NY Governor Kathy Hochul granted pardon to 10 individuals on Friday, the same day she revealed proposals to improve the state’s clemency process, which would include increasing openness and reducing red tape to immigrants.
In addition to granting the nine pardons on Christmas Eve, Governor Hochul took further procedures that, according to the governor’s office, would allow the individuals to remain in the nation without fear of deportation or other associated difficulties. Several others have had their sentences commuted, including one man who had been serving a drug-related term since 1992.
The revelation was met with skepticism by criminal justice activists, who had been advocating for far-reaching reforms, especially in light of a recent spike in COVID-19 cases in the state. The Release Aging People in Prison Campaign, for example, expressed dismay, saying it was a “huge disappointment” that the governor decided to pardon only 9 people. The campaign has advocated for governmental action on the subject of imprisonment.
Jose Saldana, the campaign’s director, said in a statement that “we are saddened knowing that so many of our moms, dads, grandparents, and grandfathers are suffering behind bars and facing a slow death sentence.” He made a special point about the fact that no mercy was offered to women who are detained.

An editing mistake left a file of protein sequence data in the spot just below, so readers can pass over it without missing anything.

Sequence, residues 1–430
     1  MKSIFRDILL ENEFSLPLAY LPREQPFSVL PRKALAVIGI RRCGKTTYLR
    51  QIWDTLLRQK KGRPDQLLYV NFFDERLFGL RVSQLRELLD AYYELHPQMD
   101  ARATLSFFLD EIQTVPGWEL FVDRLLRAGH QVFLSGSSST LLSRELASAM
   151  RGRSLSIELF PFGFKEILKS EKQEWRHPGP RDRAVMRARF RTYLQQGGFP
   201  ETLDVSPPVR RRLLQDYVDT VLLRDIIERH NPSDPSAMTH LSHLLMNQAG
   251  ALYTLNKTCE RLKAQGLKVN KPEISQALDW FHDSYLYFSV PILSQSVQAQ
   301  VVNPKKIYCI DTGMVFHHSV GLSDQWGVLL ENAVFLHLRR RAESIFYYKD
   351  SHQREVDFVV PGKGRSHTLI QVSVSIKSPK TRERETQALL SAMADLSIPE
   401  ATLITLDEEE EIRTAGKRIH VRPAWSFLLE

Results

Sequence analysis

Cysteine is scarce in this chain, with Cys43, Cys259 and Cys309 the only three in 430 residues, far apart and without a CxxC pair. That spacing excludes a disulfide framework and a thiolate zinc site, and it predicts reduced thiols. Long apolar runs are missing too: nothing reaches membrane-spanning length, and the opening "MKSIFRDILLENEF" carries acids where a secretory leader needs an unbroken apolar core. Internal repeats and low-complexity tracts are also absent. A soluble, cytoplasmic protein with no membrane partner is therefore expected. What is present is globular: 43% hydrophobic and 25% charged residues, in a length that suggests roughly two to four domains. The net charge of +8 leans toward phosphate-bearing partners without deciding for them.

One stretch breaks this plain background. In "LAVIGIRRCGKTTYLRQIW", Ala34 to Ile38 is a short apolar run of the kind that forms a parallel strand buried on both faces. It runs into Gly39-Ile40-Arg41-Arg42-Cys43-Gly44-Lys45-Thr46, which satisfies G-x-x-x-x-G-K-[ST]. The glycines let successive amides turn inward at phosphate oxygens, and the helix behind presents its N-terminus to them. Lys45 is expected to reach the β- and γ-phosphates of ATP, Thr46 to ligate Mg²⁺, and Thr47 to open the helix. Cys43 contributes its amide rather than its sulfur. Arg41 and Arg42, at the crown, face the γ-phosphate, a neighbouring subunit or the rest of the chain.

The governor, who is about to enter her first legislative session as the state’s chief executive, announced intentions to change the state’s procedure for awarding clemency to those who have committed crimes.
An advisory group to help with clemency petitions will be selected by the governor’s counsel in the near future. Members of law enforcement, the courts, clergy, and previously jailed individuals will be represented on the panel, which will be moderated by formerly incarcerated individuals.
When provided with more resources, the governor’s office anticipates that the decision to grant clemency will be made throughout the year and that it will “occur in a meaningful fashion,” and that “each application will get the comprehensive and timely treatment that it deserves.”
The state also intends to share information on the number of clemency petitions that were presented within the year, as well as how many were granted or refused. People who have pending clemency applications will be informed twice a year that their case has not been closed yet.
Hochul also intends to collaborate with the clemency bureau of the Department of Corrections and Community Supervision to ensure that the department is aware of the criteria the governor’s office is looking for in applications.
A statement from Hochul said, “I am committed to improved openness and responsibility in this process moving ahead. It is important to remember that no one should be defined by their biggest mistake, and these people have worked relentlessly to make up for theirs.”